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Thinking about investing in a new camera? If so, you know it’s tough to make a decision, and it can be quite the struggle to find one that suits all of your needs and fits in your budget. Also, with new cameras and great new features coming out constantly, it becomes a challenge to pick a camera with some staying power. So what do you do? The best thing to do in this situation is to analyze your needs, see what is available, and weigh the pros and cons. This post will tell you what you need to know to make sure you find the camera that works best for you.

If you are looking for the right video camera for your needs, you need to consider the following points:

This is the most important factor in determining your camera purchase. What you shoot most will affect all the points below. Whether it’s interviews, documentaries, commercials, stop-motion, 3D movies, green screen, broadcast, weddings, etc. you will be glad you thought about this before making any decisions. It will help you determine if you need a specialty camera or a more universal camera that can cover lots of needs.

When talking about format, I am referring first to the final video project’s format. Will your projects be going to a movie theater screen, a website, YouTube, mobile devices, etc.? Secondly, I am talking about the actual format that the camera records. Both of these will play an important role in your decision.

Cameras differ greatly from each other in terms of the way they handle compressing the video information they record. It becomes a file size vs. quality battle, choose wisely.

Color sampling plays an important part in the image quality your video camera will be able to capture. For example, a professional dedicated video camera’s color sampling will be superior to that of a DSLR’s. This comes in handy when shooting on a green screen. Getting a good clean key in post production will be easier if the footage was shot on a camera with great color sampling.

Make sure your camera suits your audio needs. Until recently, most DSLR’s have had sub-par audio capabilities. This is a huge advantage that professional dedicated video cameras have over DSLR’s. You want to make sure you have XLR inputs, as well as a way to monitor your audio while recording.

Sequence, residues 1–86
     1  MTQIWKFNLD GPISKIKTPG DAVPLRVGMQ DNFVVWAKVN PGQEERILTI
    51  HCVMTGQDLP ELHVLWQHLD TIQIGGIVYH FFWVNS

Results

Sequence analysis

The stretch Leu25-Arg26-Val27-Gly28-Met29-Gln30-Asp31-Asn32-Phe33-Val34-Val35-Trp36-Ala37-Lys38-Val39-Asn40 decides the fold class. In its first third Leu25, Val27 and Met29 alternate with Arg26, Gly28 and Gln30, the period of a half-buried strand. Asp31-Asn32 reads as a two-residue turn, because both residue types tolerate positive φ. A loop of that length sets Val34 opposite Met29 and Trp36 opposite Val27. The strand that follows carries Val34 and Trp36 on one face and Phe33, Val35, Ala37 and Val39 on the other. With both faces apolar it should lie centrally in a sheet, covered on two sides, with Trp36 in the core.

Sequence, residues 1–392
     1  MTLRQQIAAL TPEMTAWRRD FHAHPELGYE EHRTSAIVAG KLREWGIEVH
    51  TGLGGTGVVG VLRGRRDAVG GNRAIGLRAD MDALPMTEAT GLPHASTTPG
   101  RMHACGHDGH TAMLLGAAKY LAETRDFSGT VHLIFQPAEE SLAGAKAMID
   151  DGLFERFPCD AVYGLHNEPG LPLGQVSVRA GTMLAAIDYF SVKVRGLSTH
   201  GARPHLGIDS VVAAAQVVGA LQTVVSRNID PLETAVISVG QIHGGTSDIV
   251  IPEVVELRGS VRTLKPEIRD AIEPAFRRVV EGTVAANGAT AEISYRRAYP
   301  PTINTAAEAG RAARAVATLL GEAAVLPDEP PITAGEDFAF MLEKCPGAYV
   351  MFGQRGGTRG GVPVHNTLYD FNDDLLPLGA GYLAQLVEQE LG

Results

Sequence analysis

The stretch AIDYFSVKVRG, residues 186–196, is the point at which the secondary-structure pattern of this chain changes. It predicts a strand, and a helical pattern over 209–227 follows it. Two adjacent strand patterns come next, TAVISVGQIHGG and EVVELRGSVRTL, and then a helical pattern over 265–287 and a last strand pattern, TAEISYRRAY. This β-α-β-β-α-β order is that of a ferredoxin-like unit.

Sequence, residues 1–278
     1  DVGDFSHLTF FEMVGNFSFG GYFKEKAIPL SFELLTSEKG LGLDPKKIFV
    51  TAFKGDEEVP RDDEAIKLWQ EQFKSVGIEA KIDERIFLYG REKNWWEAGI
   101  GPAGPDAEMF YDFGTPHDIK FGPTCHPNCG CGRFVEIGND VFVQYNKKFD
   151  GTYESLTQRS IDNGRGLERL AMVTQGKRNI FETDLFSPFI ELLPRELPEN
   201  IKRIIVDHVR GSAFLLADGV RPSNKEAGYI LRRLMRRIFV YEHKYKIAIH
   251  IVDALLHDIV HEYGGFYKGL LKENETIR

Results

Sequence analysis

Whether it’s just an LCD, or you are running HDMI out to a big screen television, you need to make sure you can monitor what you are recording (video AND audio). Make sure you choose a camera with the right monitoring options for you.

You need to determine if you need a camera that has an interchangeable lens option or not. If you get a camera that does not, you are stuck with that lens, which could be good or bad. This is where you consider zoom range, aperture, etc. With DSLRs you can always find a lens that suits your needs, but they can get quite expensive if your day to day requires many focal lengths, low light situations, Image stabilization, etc.

Low light capabilities are largely affected by the size of the image sensor in the camera. In low light situations, digital video can often get grainy/noisy. You can get cleaner low light footage with better sensors and/or with a lens with a wide open aperture.

Depending on what you shoot most, portability can be a big issue. It can be the difference of using a large broadcast camera for a news station or using a tiny GoPro camera attached to a snowboarder’s helmet for a sports/action video. The Avengers movie even used a few DSLRs for some of the scenes that required more portable cameras to shoot.

Ask yourself if you will you be shooting handheld, need a tripod, a shoulder rig, a steady cam, etc. Most video cameras have stabilization built in, however with DSLRs, the stabilization is dependent upon the lens that’s mounted. Image stabilized lenses are more expensive than those without. Lots of times stabilization will depend on other equipment, not just the camera.

Do you need a camera that is easily customized? RED cameras aren’t cheap, but you can customize them in pretty much any way you want. You may need a camera that you can attach lots of accessories to? This all depends on what you shoot most, and there are loads of DIY projects for customization out there.

Now that you have considered these points, you should be ready to determine the right camera for you.


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